Tuesday, June 30, 2015


Cottonwood Butte in the distance

 No, it’s not what you think. I still have a ways to go before I finish the Halloween quilt. But on Monday (June 29), I finished entering my most used and/or cherished recipes on my iPad.

Our mailbox
Perhaps you don’t understand just how momentous this occasion is. For years – years! – I’ve carried my recipes back and forth – from town to farm and back again – in a battered manila envelope, just not knowing how to deal with them in two places. Of course, pulling the cards from the recipe box caused the loss of whatever organization I had and left me searching through piles for specific recipes no matter where I was. (Sometimes I just used the internet. It’s amazing how well that works.)
Blackberries in bloom behind mailbox

Then, when I got the iPad two years ago, I realized that this could be the answer to my recipe organizational woes, but I still didn’t step up to the task of entering them. The process seemed really cumbersome – lots of recipes on cards as well as scribblings on notepaper, print-outs, and pages from magazines. I did transfer some recipes, but lacking method, the process just became more difficult.

Hawthorn berries in the lane
But not any more. It’s amazing how a day comes and one tackles the problem. Recipes were entered quickly. Decisions were made. Scribbles were tossed while cards were sorted into piles for re-filing. (No, I won’t toss my original cards.)

And as I worked, I sometimes made notations about a recipe. Just who’s going to read it, I don’t know. If I were no longer available, say, would my daughter be able to access my recipes and read my notes? I think recipes are an important part of family history and hence the history of society in general. When I see my dad’s fudge recipe, I see him stirring away with a strong arm, then kneading and rolling the fudge. No, I’ll never use that recipe, but neither would I part with it.

Then there was that afternoon three years ago when I went through both Grandma Ina’s and Grandma Nina’s recipe boxes. If I hadn’t read them on the same day, I might not have discovered a common recipe – light crumb cake. Grandma Nina’s was correct, but Grandma Ina found her proportions off and made notations to correct it. Did Ina get the recipe from Nina? Did she call Nina and say, “That crumb cake just didn’t turn out like yours. What did I do wrong?” Or, maybe it was just a coincidence – a popular recipe of the day that appeared in both boxes. KW


Hallie said...

Why do you say Grandma Nina's recipe was correct? Were the recipes exactly the same but the one had additional notes? Did these two people know each other well and interact much?

Kathy said...

Yes -- they knew each other well. The two families were neighbors when they lived near Troy, Idaho, in the 1890s. Nina (b. 1886) was a little girl while Ina (b. 1870) was a young housewife. Nina's mother, Alice Stinson Sanders, was an emergency "go-to" person for Ina and her sister Bertha. Then, years later (1913?), Ina's daughter Pearl married Nina's brother Albert. When Ina relates gossip to Vance in her letters, she writes about Nina and her family (her mother, her siblings, her children).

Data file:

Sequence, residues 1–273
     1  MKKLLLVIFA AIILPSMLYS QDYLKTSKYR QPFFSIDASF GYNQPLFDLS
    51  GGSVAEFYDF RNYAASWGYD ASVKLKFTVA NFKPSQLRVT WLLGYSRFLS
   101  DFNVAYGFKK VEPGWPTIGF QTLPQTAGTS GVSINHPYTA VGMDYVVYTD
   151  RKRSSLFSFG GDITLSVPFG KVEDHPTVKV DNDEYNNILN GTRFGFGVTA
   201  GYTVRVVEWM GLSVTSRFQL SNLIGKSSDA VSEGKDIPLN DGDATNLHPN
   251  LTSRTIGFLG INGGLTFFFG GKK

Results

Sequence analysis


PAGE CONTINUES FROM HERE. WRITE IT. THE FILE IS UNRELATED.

Ina's recipe for "Crumb Cake" is not written in her hand. On the reverse side Ina has noted: Try using 1/3 cup butter and keep out only 1/2 cup crumbs for the top. Aug. 28. '38." And with those changes, the recipe is the same as Nina's. The crumb cake is delicious, I think, but rich. I avoid making it.

Mike said...

I had no idea those recipes were being toted back and forth. It's a wonder some didn't get lost. How much easier and more secure it will be now. Congratulations.

Kathy said...

It's a wonder someone didn't say, "What's this old thing," and toss it away. I worried about that.

Chuck said...

When I saw your first picture of the tracks in the field, I wondered what that had to do with the story. In fact, I didn't get much relevance in the story and any of the pictures. They are beautiful pictures, I must admit.

Kathy said...

Hi Chuck! Yes, my sense of order requires relevant pictures, but I just didn't have that for this post. nor did I have access to a scanner. So, I just posted a few pictures I had taken. I guess if a connection were to be made, it would be that a little jelly on that crumb cake is really good. I thought that Hallie and Nick might be interested in that blackberry bush blooming behind the mailbox. Not many of the blackberries here bear fruit. And I know that Joanne likes that hawthorn jelly, though I don't know if I'll make any this year. It's really dry, and that makes for dry fruit.

Chris said...

Yay for you!! And it is a wonder that the recipes didn't accidentally disappear over the years. I have my trusty recipe box, a huge binder full of recipes printed from the internet, and of course my cupboard full of cookbooks. But I don't have to carry any of them from place to place. I have a few recipes of Dan's mom and his paternal grandmother that I cherish. I also found some belonging to his maternal grandmother tucked into a disintegrating cookbook which I finally, sadly, had to throw out. They had lived for a time in the oilfields of Oklahoma and according to family lore the particles in the air caused paper to eventually turn to dust. (What must it have done to the people?)